We wrap up at Moonstone Beach and head for Hearst Castle. It’s huge and historical and artsy. If you're in San Simeon, go! It’s one hell of a place and quite beautiful for sunset.

That night we eat and pass out. Our day was so full. We can barely move. Lying down… that’s what we need.

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Monday, Labor Day. We clean up camp, pack the cars and begin our drive south. We have a few pit stops along the way. Number 1, Cambria, the small town that’s home to Moonstone Beach. It’s a quiet little town off HWY 101, with coffee shops and stores full of trinkets and other goodies that will send almost any 20-something female into a full decorative tilt. Jake and I find seats outside and wait. The town is scenic. Tall trees line the hillsides off the main drag. Homes run up narrow driveways while at the base of the canyon-esque landscape are shops running as they have for as long as anyone can remember. The town is slow and small. If you’re not paying attention you’d quickly miss the turn off of HWY 1. Swoop in for a coffee at the local coffee shop and we’re back in our cars. 

We cruise into Pismo Beach for Chris Burkard’s studio. I had slid into his DMs earlier in the week and asked if he’d be around to hang out. He had planned to but, being Chris Burkard means adventure finds you… not the other way around. He jetted off to Colorado the day prior. We arrive to find his studio manned by the Studio Manager, Josh. Josh share the countless stories associated with each piece of artwork hanging within the Tin Shed that makes up Chris's gallery. We learn about Chris’s first camera, his collaborations with Album Surfboards, the first photo books he made recapping his early journeys. Inspired, we each pick up a little something to hold on to.

We leave Pismo Beach with eyes fixed towards our final destination. We cruise south of 101, headed towards the city of angels and mundane run-around of daily task with the coming of Tuesday. Out the window, rolling hills alive with golden central California sunlight stretch for miles. Cluster’s of Oak trees are spread amongst the grassy hilltops. We enter the canyon, speed through the tunnel, the road hangs a left and the Channel Islands come into view. We’re back in SoCal. Santa Barbara is a mere 17 miles away.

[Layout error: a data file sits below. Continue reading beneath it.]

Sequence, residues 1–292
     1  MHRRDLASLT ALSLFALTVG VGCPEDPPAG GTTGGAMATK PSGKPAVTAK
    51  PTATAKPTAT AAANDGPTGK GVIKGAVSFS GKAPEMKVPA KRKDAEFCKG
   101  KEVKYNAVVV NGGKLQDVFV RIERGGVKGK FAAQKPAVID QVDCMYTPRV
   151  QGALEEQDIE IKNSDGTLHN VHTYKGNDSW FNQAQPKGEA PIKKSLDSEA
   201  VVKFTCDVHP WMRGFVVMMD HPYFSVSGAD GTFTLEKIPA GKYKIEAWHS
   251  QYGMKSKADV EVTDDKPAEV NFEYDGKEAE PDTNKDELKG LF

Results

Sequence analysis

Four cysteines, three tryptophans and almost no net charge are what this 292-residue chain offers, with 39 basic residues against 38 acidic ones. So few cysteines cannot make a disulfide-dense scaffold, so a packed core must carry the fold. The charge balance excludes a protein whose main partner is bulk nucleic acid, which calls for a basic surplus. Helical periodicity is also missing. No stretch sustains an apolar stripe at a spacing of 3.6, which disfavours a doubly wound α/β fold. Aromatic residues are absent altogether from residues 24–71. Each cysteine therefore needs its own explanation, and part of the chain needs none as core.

Just past Santa Barbara, we pull off the freeway at a stop all too familiar yet completely new to Lauren and Autumn. The little green marker at the end of the offramp reads “Bates Road,” a sure sign to any surfer that they’ve pulled up to Rincon. It’s 5:30, we have two hours of sunlight left and luckily, 2 ft waves are peeling perfectly inside the wind protected point. Suits are thrown on; longboards are yanked off the roof. Down the dirt path to the water’s edge we go. The first step is warm. The first stroke is clean. Out in the lineup, knee-high lines work their way down the point to the cove where a group of locals sit and wait to pick em off one-by-one. We slide in line to pick off our waves. Quickly cross stepping to the nose, dancing back to the tail, gliding through each section with effortless energy. The girls are in awe. I’ve explained to them the history of this place, the idyllic presence it holds within our sport and what it means to say they’ve caught a wave there. It’s certainly not pumping and classic Rincon but it’ll do for now. The sun sets the sky purple, yellow and orange behind each surfer as the waves carry them to the bottom of the point. It’s the perfect way to close out the long weekend adventure.

Alright almost perfect. We stop for In-N-Out before it’s all said and done. Now our next stop is Home.

- Steven Wilcox